A young child narrates a year’s worth of attempts to sow fanciful trees by directing increasingly larger items into an ever widening hole in his backyard.
In January, the narrator drops their “best marble” into the narrow crevice, the bottom of which is hidden below the picture plane. In February readers learn, “Marble trees don’t grow overnight,” but “Maybe some candy will grow.” As seasons change, the hole widens—inextricably—and visual perspective shifts, with the child (and a deciduous tree on the other side of the hole) appearing ever tinier as the things tossed into it (a grand piano, a freight train, a rocket) grow more substantial. In November, the hole’s so big that the moon fits in. In December, the child lists the 11 previous no-show trees and looks “in a book to figure out what to do. The only thing that fits in a black hole is a star.” The kid catches a five-pointed one and drops it down. “I can’t wait to see my star tree.” The enormous star dominates the page, the walls of the hole pushed to the margins and the child and tree minuscule—and when readers open the vertical gatefold they’ll see a tall, star-topped Christmas tree, festooned with glowing moons, flashlights, marbles, candy, and all the other pitched items. Any intimation of cosmic transcendence is subverted by this earthbound, holiday-themed pièce de résistance—at once gimmicky and anticlimactic. The narrator is white.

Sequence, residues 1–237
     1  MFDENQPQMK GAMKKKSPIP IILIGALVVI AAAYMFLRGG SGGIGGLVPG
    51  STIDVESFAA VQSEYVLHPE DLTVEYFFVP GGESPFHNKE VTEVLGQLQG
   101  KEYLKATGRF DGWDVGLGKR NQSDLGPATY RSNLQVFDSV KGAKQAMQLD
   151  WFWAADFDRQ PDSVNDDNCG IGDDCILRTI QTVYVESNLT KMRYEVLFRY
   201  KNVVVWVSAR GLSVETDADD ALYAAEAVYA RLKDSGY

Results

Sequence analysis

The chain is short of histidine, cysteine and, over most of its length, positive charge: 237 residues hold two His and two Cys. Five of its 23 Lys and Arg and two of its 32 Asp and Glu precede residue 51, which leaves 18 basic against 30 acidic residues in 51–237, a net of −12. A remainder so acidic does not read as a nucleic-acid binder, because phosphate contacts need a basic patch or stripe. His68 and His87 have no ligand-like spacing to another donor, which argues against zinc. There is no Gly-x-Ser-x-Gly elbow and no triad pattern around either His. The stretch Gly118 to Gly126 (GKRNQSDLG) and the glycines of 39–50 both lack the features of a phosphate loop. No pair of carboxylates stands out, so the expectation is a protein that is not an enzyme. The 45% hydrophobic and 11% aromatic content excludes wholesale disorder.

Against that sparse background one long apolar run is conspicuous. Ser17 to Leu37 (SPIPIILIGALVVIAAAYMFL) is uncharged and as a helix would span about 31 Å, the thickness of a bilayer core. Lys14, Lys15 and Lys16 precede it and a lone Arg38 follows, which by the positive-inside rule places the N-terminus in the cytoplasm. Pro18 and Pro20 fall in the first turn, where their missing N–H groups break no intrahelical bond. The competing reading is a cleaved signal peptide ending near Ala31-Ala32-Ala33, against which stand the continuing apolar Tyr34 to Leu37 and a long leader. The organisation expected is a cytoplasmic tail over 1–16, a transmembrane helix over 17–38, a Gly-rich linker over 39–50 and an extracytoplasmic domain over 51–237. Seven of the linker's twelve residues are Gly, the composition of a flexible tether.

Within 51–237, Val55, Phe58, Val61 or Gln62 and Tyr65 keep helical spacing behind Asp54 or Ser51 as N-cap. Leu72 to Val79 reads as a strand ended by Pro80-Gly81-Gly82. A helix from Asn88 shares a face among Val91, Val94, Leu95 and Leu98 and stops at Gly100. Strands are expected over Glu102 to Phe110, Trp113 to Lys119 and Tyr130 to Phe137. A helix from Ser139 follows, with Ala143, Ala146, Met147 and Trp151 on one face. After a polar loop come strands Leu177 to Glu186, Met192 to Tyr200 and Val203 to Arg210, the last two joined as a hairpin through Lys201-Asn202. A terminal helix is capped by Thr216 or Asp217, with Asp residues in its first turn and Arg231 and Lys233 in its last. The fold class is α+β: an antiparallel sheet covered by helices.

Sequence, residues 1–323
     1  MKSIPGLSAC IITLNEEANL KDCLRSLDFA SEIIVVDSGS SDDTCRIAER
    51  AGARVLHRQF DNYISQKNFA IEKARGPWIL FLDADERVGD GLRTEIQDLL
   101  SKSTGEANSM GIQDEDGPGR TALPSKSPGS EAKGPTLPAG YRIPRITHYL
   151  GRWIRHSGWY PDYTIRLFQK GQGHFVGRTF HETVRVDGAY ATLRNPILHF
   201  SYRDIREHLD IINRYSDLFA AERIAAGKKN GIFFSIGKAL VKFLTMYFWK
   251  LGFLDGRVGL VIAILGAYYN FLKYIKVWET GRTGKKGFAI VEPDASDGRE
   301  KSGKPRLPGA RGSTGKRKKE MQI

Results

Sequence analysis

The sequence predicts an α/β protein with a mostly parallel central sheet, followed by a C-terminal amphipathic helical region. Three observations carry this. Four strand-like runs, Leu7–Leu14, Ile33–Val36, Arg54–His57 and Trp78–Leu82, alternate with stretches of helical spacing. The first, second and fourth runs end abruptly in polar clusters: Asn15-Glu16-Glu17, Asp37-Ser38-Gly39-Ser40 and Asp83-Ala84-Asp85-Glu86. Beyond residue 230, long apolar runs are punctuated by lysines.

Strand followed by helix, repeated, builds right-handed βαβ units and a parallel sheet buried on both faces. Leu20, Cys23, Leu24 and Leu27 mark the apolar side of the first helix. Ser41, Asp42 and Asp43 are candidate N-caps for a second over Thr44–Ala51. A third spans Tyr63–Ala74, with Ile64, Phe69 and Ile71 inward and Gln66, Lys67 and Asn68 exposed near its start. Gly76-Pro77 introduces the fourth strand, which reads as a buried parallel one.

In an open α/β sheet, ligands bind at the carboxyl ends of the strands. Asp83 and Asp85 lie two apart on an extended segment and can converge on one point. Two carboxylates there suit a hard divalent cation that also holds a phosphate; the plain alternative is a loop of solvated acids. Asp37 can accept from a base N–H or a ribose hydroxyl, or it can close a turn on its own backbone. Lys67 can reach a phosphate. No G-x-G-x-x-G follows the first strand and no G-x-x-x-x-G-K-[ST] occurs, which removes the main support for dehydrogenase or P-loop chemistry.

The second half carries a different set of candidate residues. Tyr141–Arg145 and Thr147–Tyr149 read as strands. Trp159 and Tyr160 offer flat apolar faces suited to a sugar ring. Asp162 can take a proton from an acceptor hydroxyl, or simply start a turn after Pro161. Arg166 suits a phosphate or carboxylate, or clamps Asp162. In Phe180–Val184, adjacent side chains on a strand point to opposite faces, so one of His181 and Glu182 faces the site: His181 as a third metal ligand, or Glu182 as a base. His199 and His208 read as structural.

Twee and inessential, at Christmas or any other time of year. (Picture book. 3-5)